The Algona Republican from Algona, Iowa on November 19, 1890 · Page 7
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The Algona Republican from Algona, Iowa · Page 7

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Algona, Iowa
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Wednesday, November 19, 1890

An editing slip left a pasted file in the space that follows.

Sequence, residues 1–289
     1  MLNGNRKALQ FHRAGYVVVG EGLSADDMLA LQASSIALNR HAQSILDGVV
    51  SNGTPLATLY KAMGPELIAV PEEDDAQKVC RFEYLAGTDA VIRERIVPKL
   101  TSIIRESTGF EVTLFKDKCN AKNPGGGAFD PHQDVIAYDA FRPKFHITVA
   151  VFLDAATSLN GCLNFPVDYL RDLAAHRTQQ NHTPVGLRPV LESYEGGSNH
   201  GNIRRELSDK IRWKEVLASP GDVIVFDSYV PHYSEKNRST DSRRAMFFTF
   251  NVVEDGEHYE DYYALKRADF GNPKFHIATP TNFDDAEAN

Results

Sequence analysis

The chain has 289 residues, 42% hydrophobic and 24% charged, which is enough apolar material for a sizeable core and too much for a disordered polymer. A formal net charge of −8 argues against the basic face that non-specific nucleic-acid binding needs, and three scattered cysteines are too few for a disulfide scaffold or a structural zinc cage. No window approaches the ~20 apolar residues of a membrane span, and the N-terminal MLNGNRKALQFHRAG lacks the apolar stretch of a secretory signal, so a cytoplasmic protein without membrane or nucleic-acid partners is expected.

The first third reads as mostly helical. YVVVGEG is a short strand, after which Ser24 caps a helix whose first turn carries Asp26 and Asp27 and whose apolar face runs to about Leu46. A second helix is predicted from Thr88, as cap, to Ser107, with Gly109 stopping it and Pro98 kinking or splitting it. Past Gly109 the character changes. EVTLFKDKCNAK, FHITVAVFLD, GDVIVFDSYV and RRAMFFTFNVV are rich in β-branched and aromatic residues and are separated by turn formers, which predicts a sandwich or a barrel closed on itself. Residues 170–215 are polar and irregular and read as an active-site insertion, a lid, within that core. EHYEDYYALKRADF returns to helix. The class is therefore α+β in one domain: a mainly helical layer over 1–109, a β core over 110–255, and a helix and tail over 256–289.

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THE REPUBLICAN, It.tT,I,0(Jit, ALGONA. IOWA "fluty DAY DREAMS. 'TIs said that Raphael, whom men call itme," fn dreams, full oft, beheld his mother's face; •That face, whlolt he had looked upon and loved In sweet tJrbino-famod as his place of birth: And that those features, since made glorious— Olowlng with heavenly light, which altered not But only heightened what scarce needed change- Were over with him, filling his mind and soul ' With noble themes and Image? sublime: Hovered about him as he plied his brush, And weaved herself Into those mighty works That make his name immortal. So that his angels and madonnas fair, That from his canvases benignly smile, Are but the semblance of that saintly noul Which gave him birth and everlasting fame. To oil men, these sweet visitants of night •Come not so often ns the heart could wish; For strange though it may seem, the forms we love .And prize so -well, who, with their far-off echoes "forvado ns oft by day, are crowded out By multifarious nothings. But there are day dreams, which by far eclipse 'The rapid phantasies of slumbering night; And sometimes -when a sad and quiet mood •Succeeds the fretful din of dally toll, 'The mind goes wandering back to childhood's days, .And wo are kneeling at the mother's knee; 'Most sacred altar under God's high Heaven-Where first we loomed to lisp His holy name, And ask His blessing on the ones we loved; Or as tho youth, we feel the mother's hand, Without upbraiding, smooth tho unfurrowod brow; And say a little word, too full of lovo And tenderness to make It seem reproach; 'To point us to a higher, nobler life From which the foot are all too prone to stray. Thore, too, are angol visits—rifts of light, •That glisten for a moment In the tears Which dim and blur our vision day by day. And though the pictures which wo hereby paint, And which tho world dispraises all too oft, Are void of merit, and scarce worth the pains .Its tedious details cost; at times an outline, Which before had looked severe, is toned .And softened by some gentle word or act; Irradiating all with glowing life: It Is tho mother, smiling in the man. —W. Ollis, in Jury. CHASED BY WOLYES, Pioneer's Escape the Ferocious Beasta from It was in tho early part of 1870 that tny father settled among tho cottonwood trees of Major creek, one of the many streams watering tho fertile San Luis valley of Colorado. The country •was wild onough in those days. Deer. «nd antelope in abundance ranged the foot-hills of the Sangre de Chrieto mountains, whose snow-capped peaks throw a shadow over our sod-roofed •Cabin until far into tihe morning. Skulking coyotes, and yet more cowardly Indians, traveled up and down the broad valley that opened out grandly to the south and west of us, *xtending in a sunny sweep of twenty miles to the swiftly-rising heights of the Saguache and Chochotope ranges, •while other neighbors, such as mountain lions, cinnamon and silver- tip bears, made a stockman's life a burden to him. Last and most dangerous were a band of the huge gray timber wolves. There are no wild animals more to be dreaded than these same timber wolves, especially when pressed by hunger. Then they become veritable demons, and woe upon the. living thing whose trail they happen to cross. They at once begin a merciless chase ' and continue it untiringly, rivaling in •speed and endurance the most sinewy horse. Nothing daunts them. Shoot •one down and he is instantly devoured toy the rest of the pack, who thereupon rush forward with unchecked courage and appetites but whotted by their unnatural feast. Fire alone oan hold them ac bay. With these ugly brutes it was my luck to have an adventure the second spring after we settled on Major creek. I was then a lad of rif teen, small of my age, "but wiry, and as capable of enduring fatigue as any man, while no one in the valley could excel me in riding after •oattle, throwing a lasso or sticking to a touching broncho, In early days in Colorado it was the •custom to let stock, both horses and cattle, "rustle for themselves" — i. e., run at large on the dry grass of the range •during the cold season; but the first winter we were in the valley the wild animals were so mischievous that we were compelled to herd every beast we had from fall to spring. The grass was unusually late in starting up* that year, hence all of our stock, even our riding animals, grew very thin. And "thereby 1 hangs my tale," for one evening, in the latter part of March, A particularly cranky old cow broke away from the herd as we were rounding the cattle up, preparatory to driving them to tho corral for the night, and, our horses being so weak and poor, neither my brother nor myself could .overtake the runaway. But when we reported the loss at the Cupper-table that night, mother was much vexed, as the missing cow was her pet milker, "You must hunt her up to-morrow, toys," she said, earnestly, "No use, mother," my brother Horace replied, "Something has eaten her up "before now." »«I am not so sure of that," father re» ^narked. "Don't you remember bow spring we found her standing afl l^on from her 'o,alf? You her a Ut$e to-morrow. That settled the matter, of course, so "In ti^e wonming I herded the stock, Wbttit Horace »ode among the foothills to tb^ Aouth, pf V}8,, and, as he was un search, tlpyaj afternoon started Ofl My • bfbii vide that exchanged oaye hoping to 8ni by the tina§ I before. fee Uoqnearly wo?» fpr so long >> > f| f«9t bome an(1 ^ ^* AAH f«t 4< *>. Aw'd vr^l Eight b«s9 U ColQti i while fetir tho same animal. Father's pet riding horse, Sellm, had been brought from the latter !3tate, horice we usually called him by the local name. As I was changing tty saddle from one pony to tho other, mother came out to the corral with A steaming cup of strong coffee for my refreshment, and, when 1 rode away, repeated hef injuno- tion to "look well for Tangletop, for she was the best cow ofl tbft fanch." With a cherry "All right, mother!" 1 galloped off light-heartedly toward Stool Canyon, keeping a sharp eye on the intervening country., A hour's brisk riding brought me to the mouth of the gulch; two hours' search proved that Tangletop was not hidden within its depths, and t turned the cayouse homeward, first pausing and looking out over the valley. Not an animal was in sight "Last summer the cattle used to run in Haydon Passagood deal," I reflected, "and that must be where the stray cow ia It's a little late to go Up there tonight, but mother thinka so much of Tangletop, guess we'll have to go, So- lim; so stop out lively." And I rode on still to the north. Now Haydon Pass wa» tho name given to a narrow, gloom v canyon that out deep into the Sargre de Christo mountains, almost meeting a gulch on tho opposite side of the range, there being but a low ridge between the respective heads of the two ravines. Hence the name of tho "Pass." But though the canyon itself was cheerless enough, its upper slopes were sunny and always clothed with an abundance of grass, green and succuler.i in summer, dry but nutritious in wircter. Sure enough, hither had strayed poor Tangle- top, for I found her horns (I knew them by the peculiar crook in the left one) and her cleanly-picked bones lying amid the juniper bushes far up the mountain-side. I had ridden up there* for a cowboy never walks where he can by any possibility ride, no matter how ateep the ascent, and as I drew rein to let the cayeuse regain his breath, I noted with a start of surprise that it had grown very late. Indofid, from between the peaks of the Saguache hills tho level rays of the setting sun shone full in my face arid brightened the dry grass around the pony's hoofs, but l>e- neath them lay long shadows, and In the gathering twilight Hayden Pass yawned dark and gloomy at my feet "Come, Selim, we must get out of this," I said to the cayeuse, with a shake of the rein; but before he could take a step forward, from . pinon- shrouded gulch to my left arose a deep, long-drawn howl. The moment after another rang out clear and ominous from the opposite side of Hayden Pass. Then a third and a fourth sounded from a cotton wood thicket that nestled in a gulch at my rear. "It's the wolves, "and they have us almost surrounded. Go it, Solim!" I cried, as I gave him rein. Half wild with fear, he rushed off down the mountain-side. That was a mad ride for life. Now wo dashed under the low-hanging boughs of a stunted cedar, next we leaped a fallen tree-top, scattering dry branches right and left, and then we jumped a deep gully or went headlong off a ledge of rocks not seen in tho dim light until too late to avoid thsm. Somehow we reached the bottom of the pass in safety, and flew down the narrow trail to the mouth of the canyon. As we emerged into the open valley I saw the glow of lights at Gottlieb's abin—another pioneer settler—only hree miles away. If only the cayeuse ould distance our terrible pursuers that ar we were safe. "Down grade and a clear trail. Go t, Selim! We'll beat them yetl" I riud. And the little horse lay low upon the round, while the echo of his hoof-beats ang a rhythmical march of triumph pon the hard-packed soil. But glancing over my shoulder hrough the twilight I saw a pack of lying shadows horribly close at our eels. The howling had ceased long inoe, as the wolves were now saving heir breath to ohase thoir prey. "Faster—faster, Selimt" I shouted. And the pony sprang forward with ncreasod speed, only to stumble and all, sending me head over heels into a lump of oak brush. Luckily I was not much hurt, but crambled to my feet just in tiiye to &?<? he poor cayeuse hobble past tv) three egs, with the band of wolves right upon lim. f 'Put his foot in a dog-hole and broke his leg," I reflected. "That ends his chances, poor fellow." The next moment I heard that pitiful ound, the scream of a horse in mortal .error, and knew that the savage brutes lad overtaken him at last 'No use to wait here for them to come 'back after me," I pondered. Lucky thing I fell in this brush where pLey could not see me, or some of them ivould have finished me before now. I'd Better climb a tree while I have a chance." But that was easier said than done, for on the sloping foot-hill where 1 stood grew nothing save straggling oak brush, too low to furnish safe refuge. However, about three hundred yards np toward the mountains stood a clump of scraggy pinons and cedars, from whose midst towered a great yellow pine, and thither I hastened. Out of breath and still trembling from the effects of my fall I sat down at the foot of the tree to rest; but now the bowls of the wolves again rang in my ears. Having finished my faithful cayeuse they were coming back for me! Rising, I attempted to climb the pine tree, but it was fully three feet through at the base, while the nearest branches were quite twenty feet from the ground hence my frantic efforts were fruitless. Completely exhausted, I wa.s forced to desist, but the rapidly-nearing howls of the wolves quickly aroused we, "if only J bad a gun, I'd sell my life »a dearly as «4gnt be," I groaned- 4ftd then k bethought me that I at least bad a tew matches in my pocket Drawing tJteW forth, I struck one, and with trembliojg fl.nger9 held it to » tuft of dry gtvsg. " a tt«j *£$ sliot up; tbi* i fflA with pine-needles, dry cones f.nd little twigs, until I had a bright blaze burning; and none too soon, for riowth'e baffled wolves were circling around and around the space illumined by tbd &t& light, while sotnd ol the bolder ones even entered for a moment its ouWf boundary. At first 1 fed the fire freely, but afi tfa« Bight wore on arid the savage brutal sliowed no signs of leaving, I began t* economize on fuel. The ground beneati the pine tree was littered with the fallen needlos, cones and dry branches at years, but they burned very fast and already I had made great inroads upba them. It must have been about nine o'clodlf when a second pack of wolves joined those already guarding me. The neW« comers were evidently regarded as in* traders, for they were greeted with Mi- gry snarls, and finally both packs indulged in a rough-and-tumble fight. As they struggled together, now and then a group were forced within the circle of fire-light, and I shuddered as I saw their pitiless white fangs and glaring eyes. But the savage animals soon tired ol rending each other and returned to their old occupation of ceaselessly tramping around my fire-lit space. Thus the hours dragged wearily past, until from the position of the stars 1 know that it lacked but two hours of daybreak, and now the firo began to burn low. Every cone and twig from beneath the troo had been heaped oh tho coala. "If one of those pinons were just a little higher I'd make a dash for it," 1 thought, over and over again, as I watched tho flamos sink lower 'and lower, while the circling wolves came closer and closer. And now there was but a bed of glowing embers left The gaunt leader of the band had crept up nearer and still nearer, and as the filmy ash began to form upon tho ruddy coals, he crouched to leap upon his prey. My head sank upon my breast as waited that fatal spring, when lo! a column of sparks and flame shot twenty feet up into the air and scattered the frightened wolves, who fled howling in dismay. I was saved! A pitch-soaked root had blazed up in the nick of time and now burned merrily. Presently the whole resin-covered trunk of the tree caught fire and became a veritable pillar of flame, and then knew that my hour of peril was indeed past The wolves hung around until morning, but the first beams of the rising sun scattered thorn to their lair among the mountains. You can imagine how my heart 1 beat with joy as I watched the last one slink away. As soon as it was broad daylight I started on foot for Gottlieb's cabin where I found my father and brother making eager inquiries concerning me. My absence over night had made them so uneasy about me that they ha.c started out'bright and early to look me up. We were a joyful party as we rode homeward, where the story of my adventure brought tears to mother's eyes and even yet I never think of that night without a shudder.—Golden Days. TYING THE KNOT. Per* How the marriage Ceremony Is formed Among the liuddhlgts. A missionary describes a marriage ceremony which he witnessed in the palace of the Governor of Cambodia as follows: "I was ushered, amid a tremendous din of gongs, into a large room beyond the reception hall, where were seated the Governor and about one hundred noblemen and invited guests. The bridegroom, a young man about twenty years of age, elegantly attired in silk garments, was also there. By the time we foreigners were seated a procession —headed by the bride, supported on either side by demure-looking matrons, composed principally of .aged or married women, all elegantly attired—en- iered and slowly marched toward the Governor. "The bride was not particularly in« teresting as regards personal charms. She was young, however, and dressed richly and in good taste. ' 'Besides hei silk dress she wore a go\d embroidered soarf upon her shoulders; also gold rings upon her fingers, bracelets upon her wrists and armlets above the elbows. The bride took up her position near the bridegroom, both sitting upon the floor but not looking toward each other; in fact, throughout the entire ceremony they both were perfectly impassive and nonchalant. "The marriage ceremony proper now began. A number of wax candies were brought in a salver and then lighted by one of the nobles. The silver waiter was then passed around before the company eight, times, each one in turn saluting the couple and wishing them good fortune by waving or blowing the smoke toward them, thus expressing something like the old English custom of throwing the slipper after the newly wedded couple, the band of string instruments playing the meanwhile. Two large velvet cushions had been previously placed before the bride and bridegroom, and upon them a large sword. The leader of the theatricals now came forward, and went through, for a few moments, a most fantastical sword exercise. "Dishes bad been placed before the couple upon the .floor, with covers upon them. Nothing, however, was eaten. Next, the bands of the expectant couple were bound together, and to each other, with silken threads by the woman's attendants, probably some near relative. Thus were they truly joined in Buddhist wodlock. And this completed the simple, yet effective ceremony."-.-San Francisco Argonaut. TU» Worpt Variety. Cumso—What an offensively vain man Brown isl Banks—Dear me, I never thought him vain. Cumso—But he is, though. Just notice how excessively and persistently modest he is.—Munsey's Weekly. PITH AND POINT. *-A Kentucky man recently found a snake in his bed-tick. He must have gone to bod with his boots on.—Ram'a Horn. —"That's my Cholly at the door. I know his ring," said Ethel. "So do I," returned Mattie, "I wore the ring six weeks before you got it"—Harper's Bazar. —Tommy Judkins—"Papa, what do they mean by a selling race? Is any thing actually sold?" Judkins, Sr.— Yes, my son, and it is usually the public."—Sport. —Ages may come, and Sages may go, but tlio man who talks altogether too much about himself will bo likely to linger among us for some time yet.— Rain's Horn. —Tho Now Policeman.—The Judge— 'Officer Grady, •> please arrest Lawyer Case's attention." Grady—"Yes, sor, av yo'll pleaso mok out th' warrant"— Yankee Blade. —Husband (gloomily)—"I lost fifty dollars last night playing poker." Wife —"And yot you can't afford to buy mo a bonnet?" Husband—"Well, I should say not."—Racket —If time is money, it would seem at first sight that tbo loafer ought to bo the richest of men; but, after all, he hasn't any more than any body else.— Sotnerville Journal. —Bank President—"Every thing indicates that he has gone to Canada. Lock the bank doors and hang out a card, 'No cashier.'" Book-koopor—"Shall I write it, 'No cash hero?'"—N. Y. Ledger. — "Who is that talking so loudly?" "Why, that's Bobbett, tho celebrated pugilist" "I never heard of his fighting any one." "Oh, he doesn't fight: but ho has issued more newspaper challenges than any man in the world."— West Shore. —The Politician.—Tom—"You don't know that man who just spoke to you, do you, Jack?" Jack—"I only know that he is a politician. Ho speaks to every body." Tom—"Ho doesn't speak to me." Jack—"No; you are not a voter yet."—Yankee Blade. —"I see," said a man, entering a caterer's establishment, "that you advertise weddings furnished?" "Yes sir," replied the caterer, briskly. "I wish you'd sond a couple to my house right away. I've two daughters I'd like to got off my hands."—Harper's Bazar. —Miss Summit—"What a frightful dent there was in Mr. Dashaway's hat after my progressive euchre party last evening." Miss Palisade — "Yes. I heard him tell some one in the hall that it was to remind him to say to you what a pleasant evening he had passed."—N. Y. Sun. ^ —An Object Lesson.— As we strolled along the bench, Whon the lisping tide wns low, Tims my lady's silvery speech— "Mr. Freshly, <lo you know You're an oasis to me? (Here I blushed behind my hand) You're the green spot," murmured she, "In this arid waste of sund." —Brooklyn Illustrated Monthly. BOILING WATER. A Simple and Effective Method of Killing Disease Germs. All water for drinking and other household purposes should be first thoroughly boiled if the source from which it is derived is at all doubtful as to purity. Some germs are killed at a temperature as low as 120° ; others require 180° to 213°; still others require as high a degree of heat as 240 °. For this last of course the water would have to be confined. Nevertheless, the germs which are not killed at a temperature of the boiling point are not dangerous to human life, which may be considered a fortunate fact. Undoubtedly more disease is propagated through water contamination than in any other manner, and the only way to make suro that water is harmless is to boil it It can afterward bo cooled, if preferred, for drinking. Even savages in some regions have boon found whose ordinary custom it is to cook all the water they use. Stanley notes several large tribes living in the heart of Africa who cook their water just as much as they cook their yams. They live in most unsanitary surroundings, congregated in large villages, throwing their filth into the same river from which they take their water supply, and yet through this precaution they never have fevers. Similarly there are multitudes of Chinese who live huddled together in little boats upon canals, barely room to move about, and yet they live with C9mpara- tive immunity from disease because they boil all the water they use,—From a Lecture by J. H. Kellogg, M. D., of Battle Creek Sanitarium. WAR REMINISCENCES. PLANS OF LONGSTREET. Improved Water-Proof Garment. An improved water-proof garment has been patented In England which it is claimed possesses thorough ventilation. The top portion of the back of the garment below tho collar or neck -band ia formed by letting in a piece of fabric which is not treated with India rubber, but is simply acidized or otherwise treated for the purpose of rendering the same shower-proof, when not intended to be covered by a collar or cape; or it may be, in some cases, such as when it is intended to be covered by a collar or eape, a simple woven or open-work fabric not treated with acid. The form of tue inserted piece may be somewhat triangular, crescent-shaped or otherwise, as found most convenient, the object being to dovetail into the garment between the shoulders a fabric which will permit of the egress of perspiration from the wearer's body without the necessity of an ugly pr awkward appearance. Another portion of the ira provement is to line the back o' the garment with a piece of laoe or fa*»ria of an open-work nature having wo^co pr manufactured thereon the name of the jjjanufacturor of the garment, ot other name.—Clothier and Furnisher. —The main reason why the gifted are so apt to fall ia that the devil seems to give tfceir oases 8pe&%| attention. ~« Barn's H.OIU, Revl»lng an Old Saying* Mr*. Figg—No, Tommy, you are not going out to play whiie ij is r»lniag. Get your book and read. Tommy—But I'm tired of reading. I've read till every thing goes in at on« eye ftftd out of the other.— Journal. V>y the IMiltlngnlRhed Sont.hern Genfirttt itt the Reunion of tho illue and the Grtiy, at Knoxville, Tenn—A Mis. take That impelled the I,a»t ChAnce of Confederate Success. A few days after the battle of Chickamauga, the President of the Confederate States visited our! army, then camped about Chattanooga holding the Federal army under partial siege. During that visit Mr. Davis called tbo superior officers of tho Confederacy then present together in council of war to discuss our affair^, and on one occasion asked our opinions as to the most promising plan for further aggressive operations. It is important in this narrativo that it should bo here explained that prior to tho consultation referred to ho called mo alono to meet him, and that this interview lasted tbo greater part of the day. The point made during our con- feronco that should be noted hero is the opinion expressed by myself, that our failure to vigorously pursue tho Federals after our success at Chickarmuig'a and reap tho full fruits of our victory dispelled our last and only chanco for tho triumph of tho Confederate cause. At tbo meeting first mentioned Mr. Jefferson, Davis inquired for sucli plans as his commanding officers might suggest for our future operations. Tho plan suggested by myself was then to withdraw from Chattanooga, change our base to Rome, Ga., and advance by Bridgeport and Stevenson, Ala., and cut tbo lino of Federal supplies, etc. Mr. Davis gave orders for the execution of that plan, but just then a tevore season of rain began, which continued and rendered the roads very heavy and very bad. In consequence thereof our commander abandoned the proposition and held to his position at Chattanooga. After some weeks, when tho weather cleared off and furnished us good roads, a camp rumor reached me that General Bragg contemplated a movement into East Tennessee against the Federals about Knoxville, and that part of my command had boon selected as a detachment that was to execute the rjlan. About November 4, Bragg summoned Generals Hardee, Breckinridge and myself to his headquarters and announced his purpose to detach my troops from Virginia with most of its cavalry into East Tennessee to attack and drive out the Federals under General Burnsides. Having outlined bis plan, he paused as if inviting suggestions, when I proposed, as a means of facilitating his purpose or amending his plan, that he withdraw his army from Chattanooga and concentrate in a strong position behind the Chickamauga river, and at tho same time withdraw his troops from East Tennessee to the main force. Then at .the moment of concentration, having all things in readiness for prompt movement, detach twenty thousand men into East Tennessee to inarch rapidly and strike promptly so as to finish the work in time to return or go into Kentucky, as the Chief might deem best before the troops of General Grant's army, then under orders to reinforce the Federals at Chattanooga, could reach their destination. As the suggestion failed to meet the consideration I thought it deserved, I continued and explained the apparent danger of sending so small a force for such heavy work and for action that should be speedy, while our army at Chattanooga was holding long lines and attenuated along a grand curve, with the enemy in the center and within thirty minutes' march of any point of ( our occupation. The number of Fedaral troops in East Tennessee our chieE reported as 23,000, and the force assigned for my operations against them was estimated at about 15,000. I insisted that my force was wholly inadequate to warrant daring or precipitate battle and that the procrastination of a prudent campaign would give time for the arrival of General Grant's succoring forces, and that upon his arrival he would march out tw» or three columns of attack and feint and would surely break through our position. Nothing said, however, seemed to impress the officers present, so I went-over-the»inat*«r and-addod- text-books at West Point and the matic military principles admonished of the strength of the Federal position after the arrival of their succoring forces and the consequent peril of our position-, that th air. column, oonld \>e reinforced in a few minutes, while along our lines reinforcements from one point to another might be delayed for many hours. Our chief apparently thought it- improbable that his line could be broken, and plainly indicated that further discussion of the subject would be useless. The only favorable com- j ment upon my views was from General Hardee, who said: "I don't think that was a bad idea of Longstreet's." I was overruled and orders were issued for the movement. While camp was being struck I wrote some of my comrades from the head of an empty flour barrel in the rain, excusing my failure to call and take leave. I wrote to General Buckner giving him my view of the situation, and three months afterward be returned my letter to me with tho following note: "MOHRISTOWN, Tenn., Feb. 1,1884.—General: It seems to nje after reading this letter again that its predictions are so full a vindication ot tne judgment of your movements then ordered that it should remain in your possession with a view that at soaio future day it may serve to 'vindicate tho truth of history.' I place it at your disposal with that view. Truly your friend, "S. B. BDCSNBB, M»j. Gen. "To JUeut-Qen. Longstreet." Our move was ragged, slicshod and disconnected from the beginning, At Tynor's Station we were delayed by failure of the railroad transportation. General Stephenson, w'jo was in command, of the confederates there, occupying part of East Tennessee at Sweetwater and other points, was ordered to send all of his supplies down to the army ut Chattanooga and to withdraw with his troops upon my arrival at Sweetwatev; while we, strangers to the country, without accurate maps and with inadequate transportation, were to operate against and overrun a mucu superior force, well supplied and rim! I.:?!'t virr; 1 l*:\f- fa.'d n<- <v-<< '•' 'ft** onM country. Wo, wwft to moot at Knoxvillo amplo re-inforrement» from Southwest' Virginia, which wer« to equalize our strength, in ntimbers» with tho Federals. Immediately upett Relieving Gonoral Stepnenson's troop* my plan was formed to cross the eftafc * branch of the Tennessee rive? the confluence, advance along the bank of tho north fork, and gain pOfs- session of the heights about Knoxvlllef and command a surrender of the place. Our troops were arranged in position* McLaws on the right, Jenkins on the Clinton road, deployed, and the cavalry that was in hand was sent to otlf extreme loft to hold the enemy till the at* rival of tho promised force from South* west Virginia. Tho next morning the enemy's outer line, about a thousand yards in front of. his works, was found to be strengthened by rail defenses thrown up during th0 night. This wars attacked, can led, and occupied by McLaws; but his troops were so much jaded and so foot-sore that they did not exhibit their usual dash and spirit. It was not many days before flying, distressing rumors reached us of anticipated trouble to General Bragg's main force. Ho sent General Leadbetter up with two brigades to reinforce, with others to attack tho enemy's works. Divested of all discretion it then scorned a point of honor that tbo assauH must be made. After receiving the instructions conveyed by General Leadbetter, and explaining to him tho condition of our affairs, I consented, if he could find the point which be could say was really assailable, the attack might bo made. His first idea- was to attack on the Northwest, and General Jenkins, commanding in that quarter, with General E. P. Alexander, my Chief of Artillery, were ordered to assist General Leadbetter in his recon- noisance. After a more thorough examination ho determined upon Fort Saunders as the most assailable and or- , ders were accordingly issued. I met Major Goggin, of McLaw's Dl- j vision staff, riding down from the iortv who reported- to me that it was entirely •> useless for the troops to go on, as the works were so strongly protected by not- work of wire that they could not force their way .in. Upon this report I ordered a recall. General H. R. Johnson, who was marching with his troops at my side, begged that he bo allowed to go on, but, accepting Major Goggin's information as reliable, I. ordered him to march his troops back to camp. General Anderson's troops were so far advanced that they reached the ditch before the recall was given him, and he sustained severe loss before he could disengage his men. Subsequent information leaves very little ro6m to doubt of our success had we pushed our orders to the end. The following day a bearer of dispatches from General Grant to General Burnside was captured, having an autograph letter from the former to the latter, stating that three columns were then en route to succor the latter—one by the south side, one by Durham, and one by Cumberland Gap, under Generals Sherman, Elliott and Foster. Upon the approach of General Sherman we drew off, marched around to the southwest, up the west branch of the Holston to- look after the column reported coming via tho Cumberland Gap. The day after leaving Knoxville the infantry, so long 1 expected from Southwest Virginia, met ua on our march. At Eogersville our column halted and our trains were sent in search of supplies. On the 12th of December wo wore informed that the column under General Sherman had begun to countermarch and was on its way back to General Grant. The next day we countermarched and moved back, hoping to take up'some of the troops that had ventured out in pursuit of us. RANDOM SHOTS. . . A SOLDIER'S monument has been erected on Memorial Heights, Winstead, Ct. THE Division of Michigan, Sons of Veterans, number 143 camps, with 3,38? members. . RELIC-SELLERS at Gettysburg are said to import wagon-loads of junk_Jrom_. Tor battle relics. GENERAL BELKNAP once remarked: "I"' can say (as I think no other man can say) that there is practically no capacity in the United States army in which I have not at some time served. I began as a 'high private in the rear rank,' and thereafter successively served as corporal, as sergeant (in each several grade), as Lieutenant, as Captain, and so on to General, and finally as Secretary of War." ; Mas. R. F. WEIB, wife of the profea* sor of chemistry and surgery in the Col* lego of Physicians and Surgeons, died recently at Milan. She was an Amer» ican woman, widely known, and during: the civil war was a hospl tnl nurse at Frederick City, M'd., where wounded Federal soldiers and captured Confeo>r-. ates were tenderly cared for by her. SX* was then Miss Marie Washington Wo* Pherson and .many old soldiers of bptl> armies remember her with affectionate} regard. CHRISTIAN CONBAD, who dwells OB A , farm near Manchester, Ia,, has just celebrated his one hundred and tenth birth,* day. He served in the war of 1812, an$ ; took part in the battle on Lake Erie, • September 10, 1818, which resulted ift • such- complete victory for Perry that* the lattep enthusiastically sent to (Jen* eral Harrison bis historic dispatch: '*We, have met the enemy, and they i Conrad is the father of eleven who are ajl alive, and range in age fj thirty to fifty-eight years. Wii-MAW ToMpKjjra, of Cohooton, ', servjd .in the Union army fr«uj: the o^ose of the war, and partieip* all the bloodiest battles, escaping f?| out the slightest wound- He was a;' senger on the train, some years age,! wg,s wrecked w|th such ftpnalliajfj J ^ life at Angola, and was not ' ' was one of five men in a log i north branch of the 8u8q\ or six years apo, and was i that escaped with his llfe^ week while attempting to* in pasture, the anittifti I " 5>e 4\ed from 1